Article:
The rules on isolation differ from state to state, but there is one general requirement: those who test positive for Covid have to go into isolation at home and avoid all contact with people outside the household. The isolation period lasts at least five days or a maximum of 10 days.

If you get a positive result at home, you should go to a test centre and undergo a rapid antigen test. If it is positive, the quarantine obligation kicks in. If it is negative, you have to get a PCR test.

If you have Covid symptoms, you should contact your doctor, local health authorities or the non-emergency medical on-call service on 116 117. They can advise or whether you should get a PCR test. 

Across German states, the isolation period lasts 10 days, but – as we mentioned above – there are differences on how it can end earlier. 

In Berlin, for instance, it can be shortened from the fifth day with a negative test if you have been symptom free for 48 hours. If this isn’t the case, the isolation is extended until you have been symptom-free for 48 hours and tested negative. But you can leave without a negative test after 10 days. 

A positive Covid test.

A positive Covid test. Photo: picture alliance/dpa | Sebastian Gollnow

Anyone who tests positive for Covid using a rapid test at a testing centre can have a free PCR test to confirm whether they have Covid-19. If the PCR test is negative, there is no obligation to go into quarantine.

In Bavaria, the isolation period is five days after the first positive test. For isolation to end on day five you must be symptom free for at least 48 hours. Otherwise, isolation is extended for 48 hours at a time until the maximum of 10 days. 

A test-to-release is not needed to end the isolation, unless the person works in a medical setting. 

READ ALSO: Germany sets out new Covid isolation rules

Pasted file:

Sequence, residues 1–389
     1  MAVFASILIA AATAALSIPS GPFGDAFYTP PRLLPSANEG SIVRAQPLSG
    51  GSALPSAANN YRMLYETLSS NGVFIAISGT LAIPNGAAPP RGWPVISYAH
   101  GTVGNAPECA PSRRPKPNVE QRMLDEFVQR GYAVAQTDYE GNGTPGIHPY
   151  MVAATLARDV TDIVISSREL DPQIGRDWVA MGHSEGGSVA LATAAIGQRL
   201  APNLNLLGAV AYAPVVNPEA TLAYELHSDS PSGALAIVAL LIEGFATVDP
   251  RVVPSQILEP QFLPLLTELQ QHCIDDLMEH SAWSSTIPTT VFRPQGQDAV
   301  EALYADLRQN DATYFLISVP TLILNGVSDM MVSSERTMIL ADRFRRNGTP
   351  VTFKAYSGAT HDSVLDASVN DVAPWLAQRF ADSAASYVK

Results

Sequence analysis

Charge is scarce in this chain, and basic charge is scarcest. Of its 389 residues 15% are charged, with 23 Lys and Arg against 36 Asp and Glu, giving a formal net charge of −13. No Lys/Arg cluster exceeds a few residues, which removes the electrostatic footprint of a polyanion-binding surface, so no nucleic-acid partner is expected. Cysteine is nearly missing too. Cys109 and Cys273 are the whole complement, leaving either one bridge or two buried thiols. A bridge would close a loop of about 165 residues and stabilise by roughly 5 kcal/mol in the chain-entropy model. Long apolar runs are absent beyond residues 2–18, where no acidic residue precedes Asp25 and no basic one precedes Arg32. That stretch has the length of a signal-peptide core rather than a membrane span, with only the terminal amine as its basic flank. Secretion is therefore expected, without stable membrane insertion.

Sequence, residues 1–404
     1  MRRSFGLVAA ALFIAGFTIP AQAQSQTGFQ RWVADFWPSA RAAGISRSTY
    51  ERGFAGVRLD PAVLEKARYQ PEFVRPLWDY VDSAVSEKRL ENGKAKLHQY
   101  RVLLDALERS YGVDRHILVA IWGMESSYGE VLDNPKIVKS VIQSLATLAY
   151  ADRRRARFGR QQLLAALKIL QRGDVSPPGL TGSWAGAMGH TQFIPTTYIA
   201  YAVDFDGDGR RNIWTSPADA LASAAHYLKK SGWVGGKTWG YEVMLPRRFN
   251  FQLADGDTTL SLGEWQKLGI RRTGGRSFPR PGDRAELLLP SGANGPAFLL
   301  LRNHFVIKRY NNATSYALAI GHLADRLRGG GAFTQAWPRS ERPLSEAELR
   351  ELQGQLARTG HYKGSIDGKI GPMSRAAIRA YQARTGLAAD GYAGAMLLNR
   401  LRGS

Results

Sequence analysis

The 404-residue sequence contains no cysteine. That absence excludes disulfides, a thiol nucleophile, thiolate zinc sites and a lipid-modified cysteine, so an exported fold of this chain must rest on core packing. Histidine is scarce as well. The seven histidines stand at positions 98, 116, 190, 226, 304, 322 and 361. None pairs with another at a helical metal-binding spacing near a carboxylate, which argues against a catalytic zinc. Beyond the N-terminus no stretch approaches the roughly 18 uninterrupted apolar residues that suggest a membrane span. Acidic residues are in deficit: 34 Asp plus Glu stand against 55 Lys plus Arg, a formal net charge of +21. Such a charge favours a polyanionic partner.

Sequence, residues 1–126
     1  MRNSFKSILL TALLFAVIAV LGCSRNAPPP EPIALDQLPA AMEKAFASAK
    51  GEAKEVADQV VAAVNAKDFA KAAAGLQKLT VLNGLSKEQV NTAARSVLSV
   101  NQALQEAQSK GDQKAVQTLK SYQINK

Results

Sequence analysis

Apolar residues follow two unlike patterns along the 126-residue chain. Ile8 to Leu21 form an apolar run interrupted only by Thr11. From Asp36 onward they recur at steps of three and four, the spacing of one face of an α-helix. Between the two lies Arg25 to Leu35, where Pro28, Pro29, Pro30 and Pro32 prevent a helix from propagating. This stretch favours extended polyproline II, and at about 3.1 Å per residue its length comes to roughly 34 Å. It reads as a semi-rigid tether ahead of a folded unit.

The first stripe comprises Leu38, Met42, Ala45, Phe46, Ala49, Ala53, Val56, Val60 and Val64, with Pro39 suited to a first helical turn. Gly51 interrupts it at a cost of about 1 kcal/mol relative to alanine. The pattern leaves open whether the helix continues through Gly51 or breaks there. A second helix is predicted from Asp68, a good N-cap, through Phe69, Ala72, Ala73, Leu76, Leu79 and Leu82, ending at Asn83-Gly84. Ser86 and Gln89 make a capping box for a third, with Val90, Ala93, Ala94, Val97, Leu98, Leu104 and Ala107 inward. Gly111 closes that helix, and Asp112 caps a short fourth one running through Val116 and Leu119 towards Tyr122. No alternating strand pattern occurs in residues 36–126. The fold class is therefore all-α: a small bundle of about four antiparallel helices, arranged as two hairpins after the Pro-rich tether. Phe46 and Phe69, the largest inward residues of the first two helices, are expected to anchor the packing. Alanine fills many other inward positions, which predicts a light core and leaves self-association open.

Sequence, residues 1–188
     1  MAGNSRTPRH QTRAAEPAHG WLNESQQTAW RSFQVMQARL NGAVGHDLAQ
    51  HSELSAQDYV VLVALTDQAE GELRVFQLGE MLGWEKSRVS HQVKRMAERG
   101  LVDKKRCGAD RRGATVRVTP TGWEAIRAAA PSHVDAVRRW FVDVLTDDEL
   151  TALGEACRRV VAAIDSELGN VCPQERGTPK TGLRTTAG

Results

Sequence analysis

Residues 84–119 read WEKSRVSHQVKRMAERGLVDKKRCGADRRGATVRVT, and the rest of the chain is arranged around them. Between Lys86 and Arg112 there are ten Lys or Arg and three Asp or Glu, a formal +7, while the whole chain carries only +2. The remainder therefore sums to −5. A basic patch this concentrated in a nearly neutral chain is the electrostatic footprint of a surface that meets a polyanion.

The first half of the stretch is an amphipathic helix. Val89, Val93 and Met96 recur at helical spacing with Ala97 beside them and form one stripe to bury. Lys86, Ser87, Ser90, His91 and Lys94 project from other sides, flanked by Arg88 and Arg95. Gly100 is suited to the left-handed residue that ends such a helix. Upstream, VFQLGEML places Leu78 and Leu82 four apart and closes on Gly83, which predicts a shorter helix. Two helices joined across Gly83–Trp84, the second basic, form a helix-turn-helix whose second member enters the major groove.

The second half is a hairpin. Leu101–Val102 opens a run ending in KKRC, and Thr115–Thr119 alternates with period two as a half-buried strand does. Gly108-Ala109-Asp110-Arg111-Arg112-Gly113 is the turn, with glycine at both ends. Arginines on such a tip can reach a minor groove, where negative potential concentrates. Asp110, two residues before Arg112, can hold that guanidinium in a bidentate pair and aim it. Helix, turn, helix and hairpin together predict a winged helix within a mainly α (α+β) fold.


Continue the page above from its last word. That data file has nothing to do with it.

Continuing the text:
After isolation, Bavaria recommends that you wear an FFP2 mask in public places indoors and reduce contact for an extra five days. 

The state of Hesse has a similar system to Bavaria where a test is not needed to end the isolation early (unless the person works in a medical setting).

In North Rhine-Westphalia and Hamburg, residents can end their Covid isolation on the fifth day if they get a negative test (carried out at a testing centre). Otherwise the isolation period continues until the 10th day, or until they get a negative test.

Close contacts of people infected with Covid (including household contacts) no longer have to quarantine in Germany, but they are advised to get tested regularly and monitor for symptoms, as well as reduce contacts for five days. 

As ever, check with your local authority for the detailed rules.


Germany recently provisionally dropped almost all of its Covid travel restrictions, making it much easier to enter the country. 

The changes mean that entry into Germany is now allowed for all travel purposes, including tourism. The move makes travel easier – and cheaper – for people coming from non-EU countries, particularly families who may have needed multiple Covid tests for children. 

People also no longer have to show proof of vaccination, recovery or a negative test against Covid before coming to Germany – the so-called 3G rule. 

However, if a country is classed as a ‘virus variant’ region, tougher rules are brought in. 

It is likely that travel rules could be reinstated again after summer or if the Covid situation gets worse so keep an eye on any developments. 

READ ALSO: Germany drops Covid entry restrictions for non-EU travellers

Vaccine mandate

The mandate making Covid vaccinations compulsory for medical staff remains in place. A vaccine mandate that would have affected more of the population in Germany was rejected by the Bundestag in a vote in April

READ ALSO: Germany’s top court approves Covid vaccine mandate for health care workers


Masks are no longer mandatory in workplaces, unless it is in a setting where more risks groups are, such as hospitals or care homes. 

The government no longer requires people to work from home, but employers and employees can reach their own ‘home office’ arrangement.

Tests are also no longer mandatory, but workplaces can offer their employees regular tests.